Lisa, tell us a little about yourself.
How did you begin your writing career?
As I struggled with the question of whether I should return to the corporate world and how quickly, she would rock the baby and tell me stories of her childhood and her early married life.
I came to know her as I never had before and wrote down those stories in a little notebook after she went to bed at night. Her life lesson tales later became the genesis for my first novel, Tending Roses. It’s been on the shelves for 12 years and still sells well and gains me more new readers than any of my other books.
How does the rest of your family feel?
My family is very supportive of and excited about my writing these days. I often say I have the most educated assistant in the business. She’s a retired educator, a PHD. She is my first reader, helps with so much communication and details, usually travels with me to events and on tours. Many author friends have asked to borrow her, but I don’t lend her out. All the family and in-laws are encouragers and most read my books.
Actually, some have shown up as characters in various books, but that another whole story. It’s fun being at a Wingate reunion, though, and hearing the aunts say,“Donetta is really me, isn’t she?”
I have to tell you though, that is now. I didn’t come from a family that encouraged writing as a career. They insisted I get an education and take on a day job. I guess they didn’t want me living in their basement all my life.
What are you working on now?
Lastly, give us a look into Wildwood Creek.
The story is a combination of folk legend, historical fact, and wild flight of fancy. I like to think of it as part historical, part contemporary, part romance, part adventure, and part drama. The idea began spinning itself in my head after a chance encounter with a roadside monument. I’d tell you about the monument, but… well… that would spoil the story. Suffice to say that it commemorates a sad and much-debated chapter of Civil War history in Texas. Many people outside Texas aren’t even aware that the state was part of the Confederacy, or that the issue was hotly debated among Texans as the conflict heated up to the east.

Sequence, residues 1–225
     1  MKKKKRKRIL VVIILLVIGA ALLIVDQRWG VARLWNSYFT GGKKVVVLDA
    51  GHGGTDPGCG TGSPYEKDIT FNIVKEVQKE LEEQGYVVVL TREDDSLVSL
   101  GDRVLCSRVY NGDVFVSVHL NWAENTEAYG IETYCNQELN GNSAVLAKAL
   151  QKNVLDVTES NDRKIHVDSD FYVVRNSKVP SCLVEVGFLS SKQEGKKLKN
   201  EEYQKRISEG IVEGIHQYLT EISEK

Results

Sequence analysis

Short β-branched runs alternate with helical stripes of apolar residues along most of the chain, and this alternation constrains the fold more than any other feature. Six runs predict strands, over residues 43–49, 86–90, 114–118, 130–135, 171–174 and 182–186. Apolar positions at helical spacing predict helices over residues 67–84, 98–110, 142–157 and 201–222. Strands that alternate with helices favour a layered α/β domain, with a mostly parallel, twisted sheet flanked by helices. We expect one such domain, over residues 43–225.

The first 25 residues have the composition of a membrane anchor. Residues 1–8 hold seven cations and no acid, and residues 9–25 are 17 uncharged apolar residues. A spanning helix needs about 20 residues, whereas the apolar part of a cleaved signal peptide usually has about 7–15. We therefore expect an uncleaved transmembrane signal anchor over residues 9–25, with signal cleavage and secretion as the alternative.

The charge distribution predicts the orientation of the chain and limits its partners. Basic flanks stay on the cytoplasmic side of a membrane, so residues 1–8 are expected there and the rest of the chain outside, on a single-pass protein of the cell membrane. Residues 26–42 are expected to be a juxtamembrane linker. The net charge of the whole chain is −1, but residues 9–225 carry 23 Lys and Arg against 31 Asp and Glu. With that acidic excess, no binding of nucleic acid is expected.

I have always been a lover of history, and having grown up in the era of sweeping western movies, I’m especially fond of the history of the American frontier. I’m a sucker for roadside monuments, Small-town museums, the foundations of old homesteads, historical markers, and old graveyards. Standing over the time-worn headstones of child graves, sometimes several in the same family, I’ve often felt the connection to the human side of history, to the mothers of those children, whose grief at times must have been overwhelming. It’s impossible not to wonder, from the safer vantage point of a modern life, if I could have endured what those pioneer women endured. If I were in the shoes of my ancestors, would I have the metal to survive?
That sense of wondering, and that love for history, are part of Wildwood Creek. A 150 year-old mystery lies hidden beneath Moses Lake in the story, and though the locals have long shared tall tales and legends of Wildwood, a town in which the citizenry suddenly vanished near the beginning of the war, no one knows what really happened. But as Allie accepts a position among the cast of a docudrama set to reenact the last days of Wildwood, a summer drought (yes, we had one of those in real life as I was writing the book) is closing in and the secrets of Wildwood are about to rise to the surface.
That’s a lot of words to tell you about what actually happened and set my imaginary world to spinning this story. Go here and see what I saw.
Where can readers find you?
Lisa Wingate is a journalist, inspirational speaker, reviewer for the New York Journal of Books, and the author of over twenty novels. Her novels combine elements of history, romance, mystery, and women’s fiction with nuggets of Southern culture, from the sublime to the humorous. She is a seven-time American Christian Fiction Writers Carol award nominee, a Christy Award nominee, an Oklahoma Book Award finalist, a Christianity Today Book Award nominee, an Inspy Award nominee, and a two-time Carol Award winner. Her works have been selected for Booklist’s Top Ten List in 2012 and in 2013. Recently, the group Americans for More Civility, a kindness watchdog organization, selected Lisa along with Bill Ford, Camille Cosby, and six others, as recipients of the National Civies Award, which celebrates public figures who work to promote greater kindness and civility in American life.
Cindy M. Jones ~ Stories for Readers, Tips for Writers